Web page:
Unable to make much of a living off the harsh bush country, the Wiebes moved to Coaldale in southern Alberta in 1947. Wiebe attended a local Mennonite high school before moving on to the University of Alberta in Edmonton. There, as his master’s thesis in English, he wrote his first novel, Peace Shall Destroy Many. Set in a fictional prairie Mennonite settlement, the book outraged many Mennonites because of its frank depiction of community life, including scenes of adultery and violence. By the time the novel was published in 1962, Wiebe was in Winnipeg editing a weekly Mennonite newspaper—a job he lost due to the controversy. “Having people respond to me so negatively made me think very hard about the power of the written word,” Wiebe says today. “I guess I decided I wanted to be a writer, no matter what. And that’s the way I still see it: you try to write an honest story, and the reader’s response is secondary.”
To write honestly, and from one’s own background, is a lesson that the bearded, teetotalling Wiebe helped instil in a generation of undergraduates who enrolled in his creative writing classes at the University of Alberta. He returned there in 1967 with his wife, Tena (the couple raised three children) , and was a popular teacher until his retirement she years ago. Many of Wiebe’s former students went on to become accomplished authors in their own right. Among them: Aritha van Herk (Places Far From Ellesmere), Myma Kostash (All of Baba’s Children) and Katherine Govier (Hearts of Flame). Govier, who grew up in Edmonton but now lives in Toronto, recalls that Wiebe “fired everyone with an inspired sense of where we were from. He saw it on a very
grand, heroic scale.” Wiebe’s own fiction, Govier adds, is similarly infused with a passionate sense of place and purpose: “He’s a western mythmaker, and that’s a very important comer that he has carved out.”
Wiebe, of course, does not limit himself to writing about Mennonites—or westerners for that matter. For Big Bear and the new novel, he expended a lot of time and energy
trying to get inside the minds and souls of native characters. And, increasingly, his eye is drawn northward. “The North is the core of the Canadian world, although we don’t often think about it,” says the author. “We just keep looking south.”
Wiebe’s research for A Discovery of Strangers included scouring explorers’ journals and even more arcane sources for details of the first Franklin expedition. The record shows that as winter approached in 1821, the expedition—by then two years out of England—stayed too long mapping the previously uncharted Arctic Ocean coastline and missed the annual migration of the caribou, on which they depended for food. Trapped by the early winter ice, they had no choice but to travel over land in a desperate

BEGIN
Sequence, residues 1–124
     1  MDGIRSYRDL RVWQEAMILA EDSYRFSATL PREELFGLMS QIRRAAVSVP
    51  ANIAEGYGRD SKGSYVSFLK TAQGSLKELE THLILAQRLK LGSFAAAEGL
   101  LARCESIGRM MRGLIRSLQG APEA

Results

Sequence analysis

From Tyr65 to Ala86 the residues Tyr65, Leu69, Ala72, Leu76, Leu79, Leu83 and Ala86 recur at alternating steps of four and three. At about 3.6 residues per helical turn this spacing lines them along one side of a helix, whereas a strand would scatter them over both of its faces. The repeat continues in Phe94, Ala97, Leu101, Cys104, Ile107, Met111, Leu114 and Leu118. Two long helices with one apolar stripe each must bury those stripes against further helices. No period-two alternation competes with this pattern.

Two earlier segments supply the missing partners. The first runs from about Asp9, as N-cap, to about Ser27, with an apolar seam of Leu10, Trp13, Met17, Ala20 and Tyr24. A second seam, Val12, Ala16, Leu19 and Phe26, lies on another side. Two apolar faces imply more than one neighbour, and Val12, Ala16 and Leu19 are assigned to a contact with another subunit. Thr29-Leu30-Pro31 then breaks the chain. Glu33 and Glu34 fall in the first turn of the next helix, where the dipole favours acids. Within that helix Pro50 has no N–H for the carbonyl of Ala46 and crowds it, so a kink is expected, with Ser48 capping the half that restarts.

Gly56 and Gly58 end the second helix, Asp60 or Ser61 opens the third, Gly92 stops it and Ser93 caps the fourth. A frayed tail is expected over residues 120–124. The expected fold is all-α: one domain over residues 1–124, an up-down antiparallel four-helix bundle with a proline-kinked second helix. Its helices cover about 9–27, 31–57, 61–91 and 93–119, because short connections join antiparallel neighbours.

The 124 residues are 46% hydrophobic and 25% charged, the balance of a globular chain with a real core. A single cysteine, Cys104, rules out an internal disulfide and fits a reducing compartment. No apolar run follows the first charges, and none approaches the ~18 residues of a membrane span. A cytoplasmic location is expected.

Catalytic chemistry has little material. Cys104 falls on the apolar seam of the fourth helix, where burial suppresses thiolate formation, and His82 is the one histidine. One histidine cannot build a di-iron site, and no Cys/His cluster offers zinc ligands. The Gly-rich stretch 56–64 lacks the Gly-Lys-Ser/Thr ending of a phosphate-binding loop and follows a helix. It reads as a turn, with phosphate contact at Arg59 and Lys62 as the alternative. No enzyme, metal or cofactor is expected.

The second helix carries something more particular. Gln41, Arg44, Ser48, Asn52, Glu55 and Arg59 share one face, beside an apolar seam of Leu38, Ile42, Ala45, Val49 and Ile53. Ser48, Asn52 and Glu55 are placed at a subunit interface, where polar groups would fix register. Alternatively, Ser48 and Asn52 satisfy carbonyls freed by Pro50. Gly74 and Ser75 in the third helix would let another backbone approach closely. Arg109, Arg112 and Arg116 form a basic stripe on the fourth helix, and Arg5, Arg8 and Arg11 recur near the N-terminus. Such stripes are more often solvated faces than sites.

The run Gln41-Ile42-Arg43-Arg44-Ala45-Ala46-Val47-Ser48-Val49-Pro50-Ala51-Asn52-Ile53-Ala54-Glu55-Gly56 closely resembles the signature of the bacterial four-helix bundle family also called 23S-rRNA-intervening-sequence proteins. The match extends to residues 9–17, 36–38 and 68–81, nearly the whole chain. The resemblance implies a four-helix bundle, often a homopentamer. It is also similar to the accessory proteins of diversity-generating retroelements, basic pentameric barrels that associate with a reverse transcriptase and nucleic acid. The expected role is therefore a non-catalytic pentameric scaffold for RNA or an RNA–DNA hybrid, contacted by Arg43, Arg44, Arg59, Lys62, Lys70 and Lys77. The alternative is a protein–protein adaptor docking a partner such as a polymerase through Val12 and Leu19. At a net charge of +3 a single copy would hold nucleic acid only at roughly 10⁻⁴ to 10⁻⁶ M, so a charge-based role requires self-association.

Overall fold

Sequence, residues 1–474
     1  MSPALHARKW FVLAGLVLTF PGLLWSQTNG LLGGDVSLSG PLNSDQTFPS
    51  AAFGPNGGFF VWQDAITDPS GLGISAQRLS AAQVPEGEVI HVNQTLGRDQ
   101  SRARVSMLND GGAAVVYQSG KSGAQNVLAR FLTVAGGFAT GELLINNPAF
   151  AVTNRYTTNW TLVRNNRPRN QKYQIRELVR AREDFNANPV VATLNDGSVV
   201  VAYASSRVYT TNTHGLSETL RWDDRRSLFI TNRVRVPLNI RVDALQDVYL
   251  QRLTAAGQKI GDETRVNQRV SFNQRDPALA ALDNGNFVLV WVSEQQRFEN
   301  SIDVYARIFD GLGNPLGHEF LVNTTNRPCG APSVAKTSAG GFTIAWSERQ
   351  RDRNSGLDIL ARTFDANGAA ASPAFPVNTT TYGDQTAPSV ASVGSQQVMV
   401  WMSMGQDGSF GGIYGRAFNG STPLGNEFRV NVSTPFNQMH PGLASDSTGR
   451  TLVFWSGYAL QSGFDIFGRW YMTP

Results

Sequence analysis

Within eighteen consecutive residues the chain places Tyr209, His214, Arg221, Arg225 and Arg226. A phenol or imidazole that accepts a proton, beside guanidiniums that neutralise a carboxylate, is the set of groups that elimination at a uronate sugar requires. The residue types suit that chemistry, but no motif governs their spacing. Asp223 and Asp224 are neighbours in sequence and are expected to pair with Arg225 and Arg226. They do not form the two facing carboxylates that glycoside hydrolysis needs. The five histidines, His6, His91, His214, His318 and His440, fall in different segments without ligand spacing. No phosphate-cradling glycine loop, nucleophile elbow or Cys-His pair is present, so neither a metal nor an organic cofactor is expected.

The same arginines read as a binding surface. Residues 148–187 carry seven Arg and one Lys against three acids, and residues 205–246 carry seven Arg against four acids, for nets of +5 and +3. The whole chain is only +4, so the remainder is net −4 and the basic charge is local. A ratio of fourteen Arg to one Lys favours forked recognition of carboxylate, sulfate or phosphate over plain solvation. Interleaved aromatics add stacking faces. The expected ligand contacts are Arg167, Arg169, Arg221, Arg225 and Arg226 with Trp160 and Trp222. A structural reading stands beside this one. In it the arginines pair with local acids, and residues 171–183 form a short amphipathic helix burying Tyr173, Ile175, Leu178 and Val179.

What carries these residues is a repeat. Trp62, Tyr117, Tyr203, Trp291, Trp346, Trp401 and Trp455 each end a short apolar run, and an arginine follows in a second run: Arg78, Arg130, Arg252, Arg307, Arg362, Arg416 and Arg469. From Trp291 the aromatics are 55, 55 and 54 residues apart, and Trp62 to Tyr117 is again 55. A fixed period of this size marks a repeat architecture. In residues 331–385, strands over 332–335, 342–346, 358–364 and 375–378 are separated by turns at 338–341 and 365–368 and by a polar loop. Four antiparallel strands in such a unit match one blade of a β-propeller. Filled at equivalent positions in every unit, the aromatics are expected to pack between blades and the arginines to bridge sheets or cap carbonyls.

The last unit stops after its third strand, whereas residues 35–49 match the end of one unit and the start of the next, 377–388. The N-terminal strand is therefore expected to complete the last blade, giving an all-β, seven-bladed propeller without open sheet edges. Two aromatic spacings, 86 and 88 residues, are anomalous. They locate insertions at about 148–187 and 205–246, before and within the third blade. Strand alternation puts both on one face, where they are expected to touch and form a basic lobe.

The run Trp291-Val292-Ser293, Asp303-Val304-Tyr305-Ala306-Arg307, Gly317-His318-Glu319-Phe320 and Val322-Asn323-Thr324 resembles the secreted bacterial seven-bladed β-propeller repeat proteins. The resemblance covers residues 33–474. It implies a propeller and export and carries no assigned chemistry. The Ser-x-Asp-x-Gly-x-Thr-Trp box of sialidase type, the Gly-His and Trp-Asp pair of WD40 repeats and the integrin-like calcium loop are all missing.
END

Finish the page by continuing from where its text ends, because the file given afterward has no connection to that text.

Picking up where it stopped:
search for the nomadic Yellowknife Indians who had befriended and fed them the winter before at Fort Enterprise, 450 km to the south. The surviving members of the expedition found the Indians at the same point three months later. But a dozen men had perished in the effort, most from starvation, and some of the survivors had succumbed to cannibalism.
History also yielded a few other tantalizing details. Hood and another midshipman vied for the affections of the native girl Greenstockings—and would have fought a pistol duel over her if a third expedition member had not emptied their weapons of bullets. She later gave birth to Hood’s daughter, but before Hood could see his child he died tragically on the trek back from the Arctic Ocean.
From this collection of facts Wiebe fashions both a love story and a morality play about men who, as he writes, “grow steadily colder while they wait, motionless, or search for something edible in a land where whatever it is they know, or do not know, is killing them.” Adding poignancy to the tale is the foreknowledge that these English explorers, in their relentless ignorance and arrogance, will return
to the Arctic many years later. On the fateful third expedition, Franklin was sent with two ships, the Erebus and Terror, to sail through the Northwest Passage. He and his 133 men perished after the ships became trapped in the winter ice off King William Island.
If occasionally Wiebe appears to be viewing his characters through the prism of 20thcentury political correctness—the female characters sometimes seem unaccountably feminist—that is a minor flaw in a major work of art. In A Discovery of Strangers, Wiebe provides some of the most evocative prose yet about the Canadian North. In a description of caribou migrating across the tundra, he writes: “From every direction more and more of them will drift together, thousands and tens of thousands drawn together by the lengthening light into the worn paths of their necessary journey, an immense dark river of life flowing north to the ocean, to the calving grounds where they know themselves to have been bom.”
The land. First and always with Wiebe it is the land. During the 1988 canoe trip, Wiebe and his companions raised a cairn on the highest point of Dogrib Rock, placing there a note that marked the date and purpose of their journey. Then, after gazing again at the endless horizon, they added: “A Land Beyond Words.” And so it was, until Rudy Wiebe gave it a voice.